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New Findings Throw Limelight on Peking Man Site

New geological findings and enhanced protection efforts at Peking Man site at Zhoukoudian on Beijing's outskirts have thrown again the limelight on the world heritage site since last year.

Chinese archaeologists unearthed in 1929 the first complete skull of Peking Man at Zhoukoudian, about 50 km southwest of downtown Beijing. The Peking Man was proved to have lived approximately 500,000 years ago and the discovery stunned the world then.

By 1937, five complete skulls of the Peking Man had been unearthed since excavation of the Peking Man site which was started in 1927.

Except for three teeth of Peking Man stored in a lab in Sweden, the five skulls sunk into oblivion during World War II and no trace of them has ever been found.

Excavation of the Peking Man site was resumed after the founding of new China in 1949. To date, archaeologists in China have unearthed fossils belonging to 40 Peking men, over 100,000 items of stoneware, traces of fire use and large quantities of fossilized vertebrae.

China put the site under state key protection in 1961 and, in 1987 it was included by the United Nations Educational, Scientificand Cultural Organization (UNESCO) on the World Heritage list.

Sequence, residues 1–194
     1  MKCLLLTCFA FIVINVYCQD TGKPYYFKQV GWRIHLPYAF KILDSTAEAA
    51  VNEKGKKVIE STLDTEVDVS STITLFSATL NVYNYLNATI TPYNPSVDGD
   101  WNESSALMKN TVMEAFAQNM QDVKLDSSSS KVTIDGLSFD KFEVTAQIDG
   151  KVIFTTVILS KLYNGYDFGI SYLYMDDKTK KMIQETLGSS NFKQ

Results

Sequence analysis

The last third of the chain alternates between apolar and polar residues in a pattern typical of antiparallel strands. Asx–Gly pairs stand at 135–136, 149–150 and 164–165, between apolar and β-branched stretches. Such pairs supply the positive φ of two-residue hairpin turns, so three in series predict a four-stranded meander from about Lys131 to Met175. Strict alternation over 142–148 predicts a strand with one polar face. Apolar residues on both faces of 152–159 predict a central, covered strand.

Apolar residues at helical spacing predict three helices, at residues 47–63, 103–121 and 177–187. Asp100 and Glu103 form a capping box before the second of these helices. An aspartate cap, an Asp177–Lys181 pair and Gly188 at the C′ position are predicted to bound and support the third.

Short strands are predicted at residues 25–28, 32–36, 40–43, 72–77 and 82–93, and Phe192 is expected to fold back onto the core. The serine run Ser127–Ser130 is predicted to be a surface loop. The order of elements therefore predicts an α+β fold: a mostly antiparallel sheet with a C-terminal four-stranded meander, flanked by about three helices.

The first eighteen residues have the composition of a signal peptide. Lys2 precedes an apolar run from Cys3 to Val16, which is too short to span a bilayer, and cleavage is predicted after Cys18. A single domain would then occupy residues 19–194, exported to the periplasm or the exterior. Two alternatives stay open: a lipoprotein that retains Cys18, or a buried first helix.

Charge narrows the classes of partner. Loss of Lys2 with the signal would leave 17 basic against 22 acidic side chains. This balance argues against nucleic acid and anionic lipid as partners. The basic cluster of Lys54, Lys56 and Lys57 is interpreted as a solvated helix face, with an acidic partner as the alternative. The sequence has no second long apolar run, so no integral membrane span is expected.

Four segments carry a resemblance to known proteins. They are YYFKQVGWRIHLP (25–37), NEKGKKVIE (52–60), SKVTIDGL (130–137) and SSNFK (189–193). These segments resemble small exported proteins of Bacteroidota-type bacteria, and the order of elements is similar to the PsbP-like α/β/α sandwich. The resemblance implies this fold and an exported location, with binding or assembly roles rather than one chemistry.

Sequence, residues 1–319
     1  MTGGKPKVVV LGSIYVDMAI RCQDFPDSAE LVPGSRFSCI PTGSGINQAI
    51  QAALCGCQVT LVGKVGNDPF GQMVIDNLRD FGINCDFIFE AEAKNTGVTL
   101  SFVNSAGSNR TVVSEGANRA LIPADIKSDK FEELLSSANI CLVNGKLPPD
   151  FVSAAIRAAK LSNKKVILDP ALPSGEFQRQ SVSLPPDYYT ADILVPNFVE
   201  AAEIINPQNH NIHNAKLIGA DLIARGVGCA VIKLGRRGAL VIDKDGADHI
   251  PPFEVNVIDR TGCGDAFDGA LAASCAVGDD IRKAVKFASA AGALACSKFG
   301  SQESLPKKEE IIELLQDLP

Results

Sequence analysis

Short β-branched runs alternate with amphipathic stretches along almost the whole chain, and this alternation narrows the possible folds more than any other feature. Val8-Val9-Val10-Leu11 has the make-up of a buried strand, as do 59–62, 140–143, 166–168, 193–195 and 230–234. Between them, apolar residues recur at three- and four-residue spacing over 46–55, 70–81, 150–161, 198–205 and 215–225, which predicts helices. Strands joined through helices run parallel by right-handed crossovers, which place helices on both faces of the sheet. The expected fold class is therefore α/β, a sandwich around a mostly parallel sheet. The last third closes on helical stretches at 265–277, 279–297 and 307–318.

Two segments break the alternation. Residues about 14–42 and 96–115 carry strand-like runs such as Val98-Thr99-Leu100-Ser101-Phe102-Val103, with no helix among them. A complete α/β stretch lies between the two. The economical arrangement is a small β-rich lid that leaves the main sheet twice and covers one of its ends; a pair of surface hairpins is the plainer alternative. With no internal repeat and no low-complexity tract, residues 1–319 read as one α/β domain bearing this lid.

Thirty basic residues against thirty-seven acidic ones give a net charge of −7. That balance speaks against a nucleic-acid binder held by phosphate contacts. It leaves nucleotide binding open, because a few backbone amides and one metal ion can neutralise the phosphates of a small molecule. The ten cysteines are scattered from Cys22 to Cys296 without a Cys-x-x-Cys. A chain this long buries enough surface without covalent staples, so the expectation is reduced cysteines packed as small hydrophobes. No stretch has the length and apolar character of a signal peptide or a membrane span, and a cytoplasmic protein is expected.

In November 2003, a Sino-French joint geophysical detection effort found that beneath the Peking Man site exist human cultural relics of the Quaternary period, which started from the end of the Tertiary Period and went through to the present and was characterized by the appearance and development of human beings.

And nine spots have thus been designated for prospecting for new tracks and evidences of human activities in the earlier ages of the period.

In another development, the protection of the existing relics at the Peking Man site has become imperative as 21 relic spots at the site are found under threat of geological disasters, 13 of which in critical situation.

The worrying fact was revealed by the Institute of Geophysics of the Chinese Academy of Sciences following a survey made late last year on the local hidden hazard of geological calamities.

Thus, more than 5 million yuan (some U600,000) have been allocated for a program to be commenced shortly to reinforce the physical status of the existing relic spots at the site to spare them from collapse, landslide and other natural attacks.

As from late 2002, the Beijing city government has worked in cooperation with the Chinese Academy of Sciences in a bid to administer the site, with the former focusing on protection and the latter on research.

The joint efforts have helped greatly increase its protection forces compared with the past when the academy had overall charge of the site and paid much more attention to its research than preservation.

Beijing is also trying to enact a site protection law this year by making an amendment to the Protection of the Site of the Peking Man in Zhoukoudian, which went into force on 1989. 
(Xinhua News Agency June 24, 2004)

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